I have a very minimalistic business card – I actually call it a “contact card”, since it only has my name, my username, my phone, e-mail, and blog url. I don’t need much more than that. I’m only a student, so I don’t really want a University-branded card when I can make my own just fine.
Assuming the link works, here’s my “virtual businesscard”. Yeah, I used one of the default FedEx templates to make it, but I think it looks sharp – http://isharacomix.org/cv/business_card
Lovely business card. Mostly, I like that you have your avatar on your card. It looks great!
I do like the idea clearly of sign-posting what the information is, so “fax” and “phone” rather than “f” and “p”, for example. On your card, though, I reckon that http:// serves that purpose. Given that there is only one Web address on it, and it is a contact card, I think people will fairly assume that the Web address leads to more information about you. Which it does.
I don’t even have a record of what my PGP personal seal is any more. 😦
I like Barry’s idea of a “contact card” rather than a business card. How many people do we give our business cards to that aren’t – strictly – for business?
Actually, my own card looks a lot more like at 19th Century “visiting card”, rather than something as suspiciously grubby and tradesmens entrance-y as a business card. Of course, it has none of the flashy connections you speak of, Jonathan! (not even a web address 😦 ) Also, because it’s one I had printed myself, there’s no e-version. Check this, I actually have to meet someone in person to hand them one. Radical.
I would love to have a visiting card. Something that just had my name picked out in supercilious script, perhaps.
Supercilious, of course. Pretentious, never. 🙂
I think that you are right. For the user of the business card the main reason is that you can give it to the person and they will have your contact details for contacting you later without having to find a pen and a scrap of paper, with the time and errors that involves. The reason for positions and things is to tell them what you do, again so that they can remember, if they want to contact you. This is to remind them why they might want to contact you.
From the business’ view, another reason is brand advertising and corporate image. So they want it to bear that imaging.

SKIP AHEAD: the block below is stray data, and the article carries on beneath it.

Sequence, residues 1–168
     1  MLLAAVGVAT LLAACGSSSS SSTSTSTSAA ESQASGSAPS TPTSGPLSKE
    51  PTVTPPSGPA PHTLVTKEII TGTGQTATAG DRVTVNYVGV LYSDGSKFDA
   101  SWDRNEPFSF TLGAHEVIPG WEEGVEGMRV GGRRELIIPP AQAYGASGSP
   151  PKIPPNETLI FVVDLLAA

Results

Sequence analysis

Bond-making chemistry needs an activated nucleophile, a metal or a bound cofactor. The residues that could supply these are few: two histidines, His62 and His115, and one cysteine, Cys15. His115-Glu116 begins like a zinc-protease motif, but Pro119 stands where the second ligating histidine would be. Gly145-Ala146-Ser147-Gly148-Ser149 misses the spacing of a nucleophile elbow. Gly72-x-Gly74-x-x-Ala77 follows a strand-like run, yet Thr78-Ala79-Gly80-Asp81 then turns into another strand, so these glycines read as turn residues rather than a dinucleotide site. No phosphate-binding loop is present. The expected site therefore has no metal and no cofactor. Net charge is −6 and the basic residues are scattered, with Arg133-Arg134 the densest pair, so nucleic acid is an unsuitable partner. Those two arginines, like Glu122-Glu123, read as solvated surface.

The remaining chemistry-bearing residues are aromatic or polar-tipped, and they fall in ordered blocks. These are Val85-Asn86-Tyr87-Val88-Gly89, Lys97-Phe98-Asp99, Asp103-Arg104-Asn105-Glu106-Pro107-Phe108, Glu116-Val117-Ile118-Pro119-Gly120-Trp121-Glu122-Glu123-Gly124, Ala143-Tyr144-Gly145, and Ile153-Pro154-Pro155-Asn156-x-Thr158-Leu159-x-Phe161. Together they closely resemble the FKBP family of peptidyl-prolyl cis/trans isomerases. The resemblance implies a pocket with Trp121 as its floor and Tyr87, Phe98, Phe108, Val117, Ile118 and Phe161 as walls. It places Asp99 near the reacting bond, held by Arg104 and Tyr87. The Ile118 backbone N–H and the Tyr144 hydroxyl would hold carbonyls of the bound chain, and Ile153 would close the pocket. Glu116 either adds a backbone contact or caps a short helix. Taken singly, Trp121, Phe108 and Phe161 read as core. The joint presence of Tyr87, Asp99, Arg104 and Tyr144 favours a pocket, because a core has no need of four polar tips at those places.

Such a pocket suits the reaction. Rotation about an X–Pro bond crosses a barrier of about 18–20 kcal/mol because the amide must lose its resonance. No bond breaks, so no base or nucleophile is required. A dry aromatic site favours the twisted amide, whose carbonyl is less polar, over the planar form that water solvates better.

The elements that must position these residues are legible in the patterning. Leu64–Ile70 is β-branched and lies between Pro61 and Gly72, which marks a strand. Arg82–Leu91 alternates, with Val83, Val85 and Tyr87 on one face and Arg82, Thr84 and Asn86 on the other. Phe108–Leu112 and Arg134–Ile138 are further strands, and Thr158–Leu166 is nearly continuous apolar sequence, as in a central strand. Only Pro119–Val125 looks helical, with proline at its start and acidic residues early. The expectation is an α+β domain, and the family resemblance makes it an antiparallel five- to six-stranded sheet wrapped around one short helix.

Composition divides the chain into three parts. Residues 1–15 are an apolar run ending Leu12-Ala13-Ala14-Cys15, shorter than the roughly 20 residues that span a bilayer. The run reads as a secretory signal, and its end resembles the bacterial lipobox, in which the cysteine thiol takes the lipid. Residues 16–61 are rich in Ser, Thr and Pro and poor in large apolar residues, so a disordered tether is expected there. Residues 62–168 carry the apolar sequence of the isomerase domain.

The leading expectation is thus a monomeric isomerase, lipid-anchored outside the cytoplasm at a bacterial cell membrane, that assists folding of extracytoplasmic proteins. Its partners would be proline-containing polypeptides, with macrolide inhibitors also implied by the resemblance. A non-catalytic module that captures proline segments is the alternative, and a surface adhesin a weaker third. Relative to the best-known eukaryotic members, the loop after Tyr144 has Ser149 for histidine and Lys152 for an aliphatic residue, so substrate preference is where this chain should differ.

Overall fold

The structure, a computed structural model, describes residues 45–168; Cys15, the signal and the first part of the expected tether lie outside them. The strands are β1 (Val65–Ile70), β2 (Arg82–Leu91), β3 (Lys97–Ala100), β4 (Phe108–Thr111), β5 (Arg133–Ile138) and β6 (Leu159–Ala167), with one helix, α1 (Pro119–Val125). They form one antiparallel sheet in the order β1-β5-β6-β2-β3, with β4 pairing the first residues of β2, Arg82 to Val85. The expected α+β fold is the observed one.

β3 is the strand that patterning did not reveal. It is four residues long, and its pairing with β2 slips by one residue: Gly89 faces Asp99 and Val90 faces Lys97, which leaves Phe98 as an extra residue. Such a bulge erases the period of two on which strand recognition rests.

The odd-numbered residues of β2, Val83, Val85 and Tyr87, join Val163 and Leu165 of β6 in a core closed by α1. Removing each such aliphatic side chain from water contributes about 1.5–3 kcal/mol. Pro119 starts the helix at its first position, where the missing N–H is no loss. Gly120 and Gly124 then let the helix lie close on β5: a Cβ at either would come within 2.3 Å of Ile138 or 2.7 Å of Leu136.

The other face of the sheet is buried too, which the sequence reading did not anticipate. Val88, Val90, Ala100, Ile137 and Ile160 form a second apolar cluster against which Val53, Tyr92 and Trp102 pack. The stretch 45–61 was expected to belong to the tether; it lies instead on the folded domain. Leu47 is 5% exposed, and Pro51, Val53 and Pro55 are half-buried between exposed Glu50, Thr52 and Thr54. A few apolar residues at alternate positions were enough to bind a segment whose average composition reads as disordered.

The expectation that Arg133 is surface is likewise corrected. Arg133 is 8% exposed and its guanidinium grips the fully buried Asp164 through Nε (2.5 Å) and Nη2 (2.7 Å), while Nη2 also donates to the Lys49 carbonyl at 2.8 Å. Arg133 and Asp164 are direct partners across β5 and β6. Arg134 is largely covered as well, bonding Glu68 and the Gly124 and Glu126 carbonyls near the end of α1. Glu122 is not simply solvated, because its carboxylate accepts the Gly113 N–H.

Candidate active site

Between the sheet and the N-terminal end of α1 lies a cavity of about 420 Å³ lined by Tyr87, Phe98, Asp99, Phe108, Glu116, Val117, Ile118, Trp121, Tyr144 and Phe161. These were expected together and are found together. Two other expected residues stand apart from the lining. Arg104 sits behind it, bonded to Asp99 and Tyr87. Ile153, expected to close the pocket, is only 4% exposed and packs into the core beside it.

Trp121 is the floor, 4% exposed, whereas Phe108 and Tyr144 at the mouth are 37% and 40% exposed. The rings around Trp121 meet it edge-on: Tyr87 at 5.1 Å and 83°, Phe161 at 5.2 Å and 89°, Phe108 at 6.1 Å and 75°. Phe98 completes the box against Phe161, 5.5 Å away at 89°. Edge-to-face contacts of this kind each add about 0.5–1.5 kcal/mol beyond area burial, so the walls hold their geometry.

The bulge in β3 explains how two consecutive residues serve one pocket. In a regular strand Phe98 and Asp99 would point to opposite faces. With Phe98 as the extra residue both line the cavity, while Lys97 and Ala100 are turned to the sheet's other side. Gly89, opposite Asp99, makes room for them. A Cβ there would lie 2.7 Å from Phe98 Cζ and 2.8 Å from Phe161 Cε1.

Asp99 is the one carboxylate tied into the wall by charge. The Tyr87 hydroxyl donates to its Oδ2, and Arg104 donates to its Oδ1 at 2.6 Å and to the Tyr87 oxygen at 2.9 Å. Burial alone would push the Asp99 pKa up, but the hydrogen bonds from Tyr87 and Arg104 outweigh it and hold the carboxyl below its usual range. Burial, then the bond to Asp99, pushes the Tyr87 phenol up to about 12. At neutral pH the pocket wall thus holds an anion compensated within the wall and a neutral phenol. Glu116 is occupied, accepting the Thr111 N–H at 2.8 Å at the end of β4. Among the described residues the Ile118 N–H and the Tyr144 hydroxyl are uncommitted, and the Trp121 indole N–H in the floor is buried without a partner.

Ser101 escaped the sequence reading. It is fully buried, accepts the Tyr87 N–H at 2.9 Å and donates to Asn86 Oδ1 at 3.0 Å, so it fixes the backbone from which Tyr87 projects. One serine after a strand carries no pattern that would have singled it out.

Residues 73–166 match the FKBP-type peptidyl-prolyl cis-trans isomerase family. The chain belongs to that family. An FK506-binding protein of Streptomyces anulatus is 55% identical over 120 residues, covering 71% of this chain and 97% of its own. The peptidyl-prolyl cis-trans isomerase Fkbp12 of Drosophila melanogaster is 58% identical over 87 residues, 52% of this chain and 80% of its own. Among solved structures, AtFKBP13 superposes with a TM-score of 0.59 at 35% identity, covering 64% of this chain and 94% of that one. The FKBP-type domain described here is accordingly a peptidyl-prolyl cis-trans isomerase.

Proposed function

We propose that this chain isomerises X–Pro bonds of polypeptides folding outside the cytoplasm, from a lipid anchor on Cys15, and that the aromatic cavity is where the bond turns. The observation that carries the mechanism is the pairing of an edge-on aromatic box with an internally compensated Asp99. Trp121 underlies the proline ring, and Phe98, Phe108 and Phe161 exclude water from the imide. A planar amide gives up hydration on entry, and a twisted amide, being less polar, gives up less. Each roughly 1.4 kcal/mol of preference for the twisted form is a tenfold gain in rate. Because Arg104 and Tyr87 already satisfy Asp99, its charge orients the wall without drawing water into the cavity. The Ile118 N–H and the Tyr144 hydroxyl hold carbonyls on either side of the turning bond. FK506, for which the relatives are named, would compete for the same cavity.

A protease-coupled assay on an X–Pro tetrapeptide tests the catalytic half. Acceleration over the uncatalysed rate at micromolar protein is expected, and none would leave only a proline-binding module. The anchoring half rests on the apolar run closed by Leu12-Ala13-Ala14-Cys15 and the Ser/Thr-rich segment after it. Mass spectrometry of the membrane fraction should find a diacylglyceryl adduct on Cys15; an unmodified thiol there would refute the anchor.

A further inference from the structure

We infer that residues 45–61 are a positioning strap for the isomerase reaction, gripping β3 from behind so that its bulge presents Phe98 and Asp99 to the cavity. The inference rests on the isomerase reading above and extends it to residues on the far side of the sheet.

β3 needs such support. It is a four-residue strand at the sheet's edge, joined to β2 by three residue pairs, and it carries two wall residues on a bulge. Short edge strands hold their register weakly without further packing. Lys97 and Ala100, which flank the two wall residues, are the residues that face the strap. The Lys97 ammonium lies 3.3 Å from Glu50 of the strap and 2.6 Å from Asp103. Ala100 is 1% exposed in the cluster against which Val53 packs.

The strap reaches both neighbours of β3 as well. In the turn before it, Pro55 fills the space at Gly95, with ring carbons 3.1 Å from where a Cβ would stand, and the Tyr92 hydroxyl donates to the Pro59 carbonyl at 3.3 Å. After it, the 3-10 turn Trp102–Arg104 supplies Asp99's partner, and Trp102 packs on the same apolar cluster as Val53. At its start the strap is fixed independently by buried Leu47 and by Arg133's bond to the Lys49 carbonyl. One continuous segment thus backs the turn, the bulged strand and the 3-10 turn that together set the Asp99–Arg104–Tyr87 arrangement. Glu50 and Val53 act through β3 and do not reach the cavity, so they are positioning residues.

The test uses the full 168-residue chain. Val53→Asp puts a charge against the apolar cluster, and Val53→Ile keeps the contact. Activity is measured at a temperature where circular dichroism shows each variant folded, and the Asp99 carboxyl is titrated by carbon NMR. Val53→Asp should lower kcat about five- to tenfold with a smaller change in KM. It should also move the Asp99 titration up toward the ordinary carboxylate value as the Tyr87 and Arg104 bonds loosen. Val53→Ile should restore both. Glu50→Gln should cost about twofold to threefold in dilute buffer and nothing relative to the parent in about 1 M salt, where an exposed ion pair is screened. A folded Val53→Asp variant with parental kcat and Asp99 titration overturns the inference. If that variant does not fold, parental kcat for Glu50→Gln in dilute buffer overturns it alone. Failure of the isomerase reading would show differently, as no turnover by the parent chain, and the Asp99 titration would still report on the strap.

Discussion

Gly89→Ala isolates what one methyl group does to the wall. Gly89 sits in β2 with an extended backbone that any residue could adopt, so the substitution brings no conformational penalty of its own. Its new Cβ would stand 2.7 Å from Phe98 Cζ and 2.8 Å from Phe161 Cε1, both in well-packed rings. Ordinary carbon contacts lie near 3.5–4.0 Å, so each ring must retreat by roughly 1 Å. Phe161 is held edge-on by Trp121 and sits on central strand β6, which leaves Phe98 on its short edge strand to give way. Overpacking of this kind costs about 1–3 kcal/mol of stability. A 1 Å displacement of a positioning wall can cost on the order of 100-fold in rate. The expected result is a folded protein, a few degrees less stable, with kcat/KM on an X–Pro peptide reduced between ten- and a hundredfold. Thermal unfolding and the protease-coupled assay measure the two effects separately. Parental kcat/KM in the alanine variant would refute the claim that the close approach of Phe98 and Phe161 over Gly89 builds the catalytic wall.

I guess I have a problem when the ‘branding’ extends to only having company e-mail addresses, etc.
Do you have a personal card as well? I wonder how many people do?
I went to my first conference recently and discussed with other PhD students about whether or not it was ok or pretentious at our grade/level to have business cards. I couldn’t quite bring myself to do it, but compromised by just pre-printing out some copies of my email address as it’s a bit of a long one and a hassle for people to scribble down in passing.
What do other people think about the idea of PhD students having business/contact cards?
I’ve always thought that PhDs float between being staff and being students. This is one area where I definitely think that you should think of yourself as ‘staff’.
Your PhD is about building knowledge and building a career. It turns out that a good network can help with both. A business card is a great way to build a network.
I agree in principle… it just feels uncomfortable…
This is definately a must do for PhD students. I am only a Masters level student and also a casual staff member at my institution, but I will be armed with cards at this years conference I am attending. Too many awkward moments at last years conference where people asked for my card and I didn’t have one have convinced me it is worthwhile. I am hoping to make some connections at this conference so this will be a must for me.
Good luck, Sarah, and have a great time!
[…] is what I think it is: we’re allergic to these new technologies that we don’t control, blind to services outside the walls. Also, it is a bit hard to link to different external services, and to keep those links working […]